Offering people with a common interest in longtermism a reason to spend time with each other and hang together; perhaps our research isn’t particularly useful in a clueless world, but even people skeptical about their ability to have an impact now might find value in other activities (whether that’s “writing fiction about existential risks” or “spending research effort on short-term causes as a way of having more certain impact, in case we don’t become more clueful within our own lifetimes”)
I’m sure these ideas aren’t original, and (as with anything I write), I’d be glad to see links to places they’ve been expressed in a better way.
GiveDirectly really only funds one thing: direct cash transfers. By keeping their operations very simple and streamlined, they’re able to work more efficiently. Your contact might be able to find support from other funders who specialize in projects like his, but GiveDirectly doesn’t have the infrastructure in place to support and monitor a project of that kind (at least, as I understand their functioning).
Regarding Chris Chambers:
The Let’s Fund report linked in the application played a major role in my assessment of the grant, and I probably would not have been comfortable recommending this grant without access to that report.
While you discuss what you believe the positive effects of his work might be, you don’t really get into why you think he is the right person to do this project, or why/whether you think this project is stronger than other meta-science initiatives (maybe it was the only such project that applied? Are there others you’d be interested to see apply?).
I assume that some of this is addressed in the lengthy Let’s Fund report, but would you be open to summarizing which parts of the report you found most compelling in Chris’s favor?
I assigned this the “Personal Blog” category for now, because mind uploading isn’t a common topic of EA conversation and the relevance of this to existing cause areas isn’t entirely clear. Are there organizations you can point to that are working on this problem, and/or a case someone has made for why uploading is a valuable cause area?
On detractors writing: Given some of the comments on the survey, I would be surprised if quite a few answers hadn’t come from people who have no connection to the EA community save as critics. For example:
EA is a waste of money and time. Another example of tech minded people trying to reinvent the wheel.
This doesn’t seem like someone who actually spends time on the EA Forum (or, if they do, I wish they’d do something they found more enjoyable).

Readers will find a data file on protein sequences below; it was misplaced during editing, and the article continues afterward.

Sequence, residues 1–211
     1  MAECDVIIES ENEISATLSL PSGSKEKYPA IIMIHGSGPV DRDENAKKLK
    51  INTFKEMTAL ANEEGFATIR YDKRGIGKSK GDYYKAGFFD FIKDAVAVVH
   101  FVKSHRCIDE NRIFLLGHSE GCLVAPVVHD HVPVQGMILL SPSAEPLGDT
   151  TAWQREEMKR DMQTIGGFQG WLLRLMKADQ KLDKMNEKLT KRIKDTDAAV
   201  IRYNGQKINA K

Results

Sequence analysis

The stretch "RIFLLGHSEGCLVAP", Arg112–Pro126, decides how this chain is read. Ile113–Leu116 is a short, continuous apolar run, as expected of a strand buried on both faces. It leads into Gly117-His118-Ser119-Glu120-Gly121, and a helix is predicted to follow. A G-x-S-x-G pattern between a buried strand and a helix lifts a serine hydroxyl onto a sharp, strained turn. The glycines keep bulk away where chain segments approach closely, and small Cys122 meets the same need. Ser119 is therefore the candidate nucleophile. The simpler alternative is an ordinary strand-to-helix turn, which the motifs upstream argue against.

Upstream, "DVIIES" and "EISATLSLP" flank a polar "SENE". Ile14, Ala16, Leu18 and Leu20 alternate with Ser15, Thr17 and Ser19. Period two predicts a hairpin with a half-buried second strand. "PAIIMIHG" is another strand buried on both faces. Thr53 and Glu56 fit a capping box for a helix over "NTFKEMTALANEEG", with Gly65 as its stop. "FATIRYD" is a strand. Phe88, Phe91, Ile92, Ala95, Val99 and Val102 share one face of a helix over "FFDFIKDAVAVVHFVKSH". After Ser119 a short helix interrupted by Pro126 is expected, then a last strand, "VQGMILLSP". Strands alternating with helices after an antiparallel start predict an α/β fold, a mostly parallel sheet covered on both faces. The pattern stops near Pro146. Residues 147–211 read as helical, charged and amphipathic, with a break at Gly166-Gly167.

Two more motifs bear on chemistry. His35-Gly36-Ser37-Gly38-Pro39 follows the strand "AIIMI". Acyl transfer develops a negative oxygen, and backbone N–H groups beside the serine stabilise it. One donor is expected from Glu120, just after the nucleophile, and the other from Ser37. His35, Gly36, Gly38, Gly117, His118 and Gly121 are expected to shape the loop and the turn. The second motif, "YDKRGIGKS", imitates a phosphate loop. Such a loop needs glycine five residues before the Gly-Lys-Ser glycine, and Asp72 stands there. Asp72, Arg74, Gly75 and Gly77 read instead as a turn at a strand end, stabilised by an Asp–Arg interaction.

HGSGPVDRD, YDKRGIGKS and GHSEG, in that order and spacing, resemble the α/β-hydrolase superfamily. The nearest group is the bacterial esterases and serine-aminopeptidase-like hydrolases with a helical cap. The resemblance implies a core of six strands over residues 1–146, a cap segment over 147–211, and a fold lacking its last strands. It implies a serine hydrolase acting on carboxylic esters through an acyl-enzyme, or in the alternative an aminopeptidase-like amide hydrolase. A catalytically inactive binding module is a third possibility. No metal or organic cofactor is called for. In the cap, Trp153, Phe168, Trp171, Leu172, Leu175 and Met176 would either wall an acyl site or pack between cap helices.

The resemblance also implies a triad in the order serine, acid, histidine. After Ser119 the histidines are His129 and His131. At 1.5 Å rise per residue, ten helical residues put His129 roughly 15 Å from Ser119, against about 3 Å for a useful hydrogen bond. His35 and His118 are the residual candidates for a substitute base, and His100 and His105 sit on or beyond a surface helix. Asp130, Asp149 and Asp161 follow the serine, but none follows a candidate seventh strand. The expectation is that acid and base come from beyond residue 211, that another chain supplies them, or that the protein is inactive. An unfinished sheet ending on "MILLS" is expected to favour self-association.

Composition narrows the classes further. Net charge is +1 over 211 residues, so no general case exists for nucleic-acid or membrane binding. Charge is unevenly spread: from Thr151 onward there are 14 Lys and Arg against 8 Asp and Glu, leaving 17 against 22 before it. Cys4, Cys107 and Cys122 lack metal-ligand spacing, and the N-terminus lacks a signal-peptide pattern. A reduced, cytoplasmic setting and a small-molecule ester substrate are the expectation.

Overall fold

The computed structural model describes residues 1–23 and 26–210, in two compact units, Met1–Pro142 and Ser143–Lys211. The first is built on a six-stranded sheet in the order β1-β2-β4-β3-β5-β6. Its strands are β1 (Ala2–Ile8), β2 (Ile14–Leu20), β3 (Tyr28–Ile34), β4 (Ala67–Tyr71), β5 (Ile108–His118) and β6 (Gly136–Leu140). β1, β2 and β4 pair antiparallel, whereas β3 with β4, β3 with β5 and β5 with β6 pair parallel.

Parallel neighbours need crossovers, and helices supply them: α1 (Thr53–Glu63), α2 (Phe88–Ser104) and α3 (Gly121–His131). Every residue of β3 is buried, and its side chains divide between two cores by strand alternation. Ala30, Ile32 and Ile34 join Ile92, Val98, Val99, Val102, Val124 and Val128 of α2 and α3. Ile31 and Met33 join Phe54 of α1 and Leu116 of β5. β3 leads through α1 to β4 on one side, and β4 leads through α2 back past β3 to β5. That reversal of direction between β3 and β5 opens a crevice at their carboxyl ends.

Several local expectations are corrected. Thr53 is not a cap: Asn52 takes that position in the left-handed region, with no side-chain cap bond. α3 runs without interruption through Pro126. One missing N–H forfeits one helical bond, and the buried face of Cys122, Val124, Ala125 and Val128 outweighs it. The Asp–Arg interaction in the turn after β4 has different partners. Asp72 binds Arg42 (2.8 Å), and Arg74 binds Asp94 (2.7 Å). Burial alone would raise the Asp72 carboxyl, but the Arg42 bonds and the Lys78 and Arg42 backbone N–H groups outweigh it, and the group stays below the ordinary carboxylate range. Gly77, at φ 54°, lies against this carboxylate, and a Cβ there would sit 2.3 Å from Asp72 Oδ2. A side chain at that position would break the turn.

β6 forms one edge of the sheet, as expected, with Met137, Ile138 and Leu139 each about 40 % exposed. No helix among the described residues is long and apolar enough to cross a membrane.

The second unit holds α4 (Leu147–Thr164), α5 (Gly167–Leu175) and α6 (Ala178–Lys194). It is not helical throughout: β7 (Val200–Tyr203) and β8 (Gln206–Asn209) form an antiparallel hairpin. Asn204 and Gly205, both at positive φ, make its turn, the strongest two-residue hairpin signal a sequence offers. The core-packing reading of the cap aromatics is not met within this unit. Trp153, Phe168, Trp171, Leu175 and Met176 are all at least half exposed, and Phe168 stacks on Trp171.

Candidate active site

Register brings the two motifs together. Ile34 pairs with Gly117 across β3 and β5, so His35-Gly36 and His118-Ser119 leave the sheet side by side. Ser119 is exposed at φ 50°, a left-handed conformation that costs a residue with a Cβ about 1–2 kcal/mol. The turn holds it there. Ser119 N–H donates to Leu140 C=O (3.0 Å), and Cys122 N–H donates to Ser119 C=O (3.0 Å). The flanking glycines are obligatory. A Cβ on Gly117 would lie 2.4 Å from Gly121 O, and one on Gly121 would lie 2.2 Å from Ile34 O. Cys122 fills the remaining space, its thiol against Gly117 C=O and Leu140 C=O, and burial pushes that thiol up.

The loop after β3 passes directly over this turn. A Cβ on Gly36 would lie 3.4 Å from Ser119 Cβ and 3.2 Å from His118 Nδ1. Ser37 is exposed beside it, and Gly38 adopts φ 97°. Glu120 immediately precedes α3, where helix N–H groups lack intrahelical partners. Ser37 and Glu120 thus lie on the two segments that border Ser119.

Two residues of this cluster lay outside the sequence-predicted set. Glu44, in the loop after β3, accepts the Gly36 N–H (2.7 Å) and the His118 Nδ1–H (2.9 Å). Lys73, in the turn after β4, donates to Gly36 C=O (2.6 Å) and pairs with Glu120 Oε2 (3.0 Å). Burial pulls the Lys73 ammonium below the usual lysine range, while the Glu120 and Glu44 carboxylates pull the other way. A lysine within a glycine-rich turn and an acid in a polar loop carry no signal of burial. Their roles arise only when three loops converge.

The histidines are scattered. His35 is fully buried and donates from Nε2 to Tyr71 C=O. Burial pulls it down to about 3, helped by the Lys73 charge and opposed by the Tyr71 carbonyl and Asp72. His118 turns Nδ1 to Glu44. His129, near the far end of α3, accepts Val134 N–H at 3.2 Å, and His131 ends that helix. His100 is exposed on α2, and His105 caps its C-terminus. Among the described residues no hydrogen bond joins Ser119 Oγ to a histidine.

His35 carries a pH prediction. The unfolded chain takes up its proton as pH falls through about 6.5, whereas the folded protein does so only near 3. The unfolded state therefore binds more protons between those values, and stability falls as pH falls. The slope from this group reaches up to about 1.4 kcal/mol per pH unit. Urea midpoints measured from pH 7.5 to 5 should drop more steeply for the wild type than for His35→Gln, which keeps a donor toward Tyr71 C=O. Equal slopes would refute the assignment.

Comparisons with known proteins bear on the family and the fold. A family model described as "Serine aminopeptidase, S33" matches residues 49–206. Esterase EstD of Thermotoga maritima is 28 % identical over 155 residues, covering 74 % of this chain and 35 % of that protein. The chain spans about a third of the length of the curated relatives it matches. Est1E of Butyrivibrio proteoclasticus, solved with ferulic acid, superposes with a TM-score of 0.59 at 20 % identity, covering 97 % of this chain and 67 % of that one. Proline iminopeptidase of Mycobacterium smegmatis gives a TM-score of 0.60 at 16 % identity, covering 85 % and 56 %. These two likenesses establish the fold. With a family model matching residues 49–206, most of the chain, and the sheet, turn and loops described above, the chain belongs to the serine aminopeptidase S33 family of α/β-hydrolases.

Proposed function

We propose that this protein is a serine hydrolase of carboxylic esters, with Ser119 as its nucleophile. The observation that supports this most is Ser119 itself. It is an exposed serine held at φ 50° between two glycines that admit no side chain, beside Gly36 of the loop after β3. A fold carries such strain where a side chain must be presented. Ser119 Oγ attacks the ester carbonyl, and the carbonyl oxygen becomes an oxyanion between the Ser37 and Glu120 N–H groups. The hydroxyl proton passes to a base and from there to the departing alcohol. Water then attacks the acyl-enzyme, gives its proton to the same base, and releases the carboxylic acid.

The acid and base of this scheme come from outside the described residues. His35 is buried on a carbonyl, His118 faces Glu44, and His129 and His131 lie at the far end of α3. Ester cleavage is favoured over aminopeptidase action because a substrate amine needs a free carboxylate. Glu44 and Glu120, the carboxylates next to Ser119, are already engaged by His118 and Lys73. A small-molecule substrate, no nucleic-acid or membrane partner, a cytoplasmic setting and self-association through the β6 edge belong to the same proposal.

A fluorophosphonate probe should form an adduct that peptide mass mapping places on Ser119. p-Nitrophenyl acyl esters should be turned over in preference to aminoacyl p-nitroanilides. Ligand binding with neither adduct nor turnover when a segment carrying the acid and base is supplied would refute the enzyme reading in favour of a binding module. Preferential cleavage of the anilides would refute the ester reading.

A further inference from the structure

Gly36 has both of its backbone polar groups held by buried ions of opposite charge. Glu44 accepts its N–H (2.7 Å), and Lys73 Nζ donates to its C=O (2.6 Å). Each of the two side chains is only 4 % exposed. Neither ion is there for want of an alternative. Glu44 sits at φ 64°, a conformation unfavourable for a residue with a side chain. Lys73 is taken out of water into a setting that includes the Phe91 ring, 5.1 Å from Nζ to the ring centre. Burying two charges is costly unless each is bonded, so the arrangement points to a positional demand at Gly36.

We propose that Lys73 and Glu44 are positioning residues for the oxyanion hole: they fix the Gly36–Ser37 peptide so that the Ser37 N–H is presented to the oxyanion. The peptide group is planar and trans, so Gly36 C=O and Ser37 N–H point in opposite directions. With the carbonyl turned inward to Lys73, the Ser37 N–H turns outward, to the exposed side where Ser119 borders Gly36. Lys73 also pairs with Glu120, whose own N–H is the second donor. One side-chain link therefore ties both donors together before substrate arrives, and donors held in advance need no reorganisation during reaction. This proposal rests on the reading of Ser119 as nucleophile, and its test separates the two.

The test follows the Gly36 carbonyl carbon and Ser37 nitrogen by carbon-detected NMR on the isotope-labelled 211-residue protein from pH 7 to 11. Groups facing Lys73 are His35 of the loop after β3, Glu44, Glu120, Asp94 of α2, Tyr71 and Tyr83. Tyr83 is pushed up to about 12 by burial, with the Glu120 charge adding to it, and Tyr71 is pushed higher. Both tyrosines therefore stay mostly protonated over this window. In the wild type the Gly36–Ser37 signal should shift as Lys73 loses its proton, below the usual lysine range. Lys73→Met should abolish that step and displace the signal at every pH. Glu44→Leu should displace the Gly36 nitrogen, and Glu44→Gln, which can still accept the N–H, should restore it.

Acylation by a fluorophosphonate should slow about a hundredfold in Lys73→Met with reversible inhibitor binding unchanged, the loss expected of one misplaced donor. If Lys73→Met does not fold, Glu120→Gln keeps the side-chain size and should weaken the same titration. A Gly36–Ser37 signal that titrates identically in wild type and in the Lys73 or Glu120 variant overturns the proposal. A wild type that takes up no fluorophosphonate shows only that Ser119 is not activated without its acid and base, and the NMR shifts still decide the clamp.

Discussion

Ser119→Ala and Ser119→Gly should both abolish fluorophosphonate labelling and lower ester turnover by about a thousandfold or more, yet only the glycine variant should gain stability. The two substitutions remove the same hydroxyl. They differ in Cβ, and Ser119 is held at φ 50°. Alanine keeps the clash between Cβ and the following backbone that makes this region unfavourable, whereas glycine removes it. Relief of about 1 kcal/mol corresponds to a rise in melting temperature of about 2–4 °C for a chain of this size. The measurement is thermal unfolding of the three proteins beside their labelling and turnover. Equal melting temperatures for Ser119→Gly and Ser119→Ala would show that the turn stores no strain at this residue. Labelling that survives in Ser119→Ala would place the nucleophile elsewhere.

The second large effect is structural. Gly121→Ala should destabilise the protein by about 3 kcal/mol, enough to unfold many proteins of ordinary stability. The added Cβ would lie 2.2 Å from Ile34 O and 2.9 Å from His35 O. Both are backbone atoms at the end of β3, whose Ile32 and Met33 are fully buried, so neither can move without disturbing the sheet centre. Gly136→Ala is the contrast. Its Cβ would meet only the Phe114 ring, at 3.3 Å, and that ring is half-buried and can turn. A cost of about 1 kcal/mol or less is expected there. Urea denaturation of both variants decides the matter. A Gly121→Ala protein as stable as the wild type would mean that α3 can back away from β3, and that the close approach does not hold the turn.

This isn’t the thing you were looking for, but this report contains a similar graphic. This other report also has a good list of interventions (p. 35), though it only covers costs rather than cost-effectiveness.
Thanks for writing this! I find that I wind up linking to postmortem assessments like this one quite often when people ask me for advice about their project ideas, and I’d be surprised if I never have cause to share this (as I’ve shared similar Forum writeups from EAGx Boston, SHIC, etc.)
One question: How did you attempt to get responses for your exit survey? 7⁄15 is a pretty low rate, and while I see why it’s not great to bother people too much once they’ve finished your program, I’d be interested whether many of the non-respondents reported “no change”.
(I’ve been at a few EA events where surveys were conducted at the end of the event, everyone filling them out at once, but I don’t know whether that was practical for a program like this, where people may have needed time to think afterward in order to answer with confidence.)
Did you ever hear back from Max Roser? I’d be interested to hear his thoughts, as the donation page on the website is bare-bones, with no information on runway, projects they might pursue or not pursue based on certain funding targets, etc.
Jeff Kaufman and Julia Wise: goal is 50% of pre-tax income; their donations are consistent with this goal
Ben Kuhn: goal is 50% of pre-tax income; donations for 2017 and 2018 have been consistent with this goal
Haseeb Qureshi: goal is 33% of pre-tax income; donation amounts since 2015 are consistent with this goal
Aaron Gertler: goal is 10% of pre-tax income
...for what it’s worth, I think I’ve been pretty consistent, too! :-|
(I haven’t given exactly 10% each year, but since I gave a higher percentage in years when I made more money, the average since I made my 10% pledge is extremely close to 10%.)
Also, this post is really good, serving as the best explainer I know of on this topic, and I’m glad I finally caught up and read the whole thing.
Physical damage which is self-induced is less painful. They give as examples “runner’s high”, cosmetic procedures like hair removal, and self-harm.
I wonder how certain we are that this is about pain levels, rather than the addition of emotions like uncertainty or alarm to pain that comes from others. If I knowingly cut myself with a knife, I’m ready for the pain; I can predict what will happen and steel myself. If someone else cuts me with a knife, I’m not prepared in the same way, and many other negative emotions are going to be flooding my system.
This makes me wonder whether accidental self-harm is more painful than purposeful self-harm (e.g. I cut myself while cutting up vegetables). If not, evidence for social factors mediating pain; if so, evidence for the role of surprise.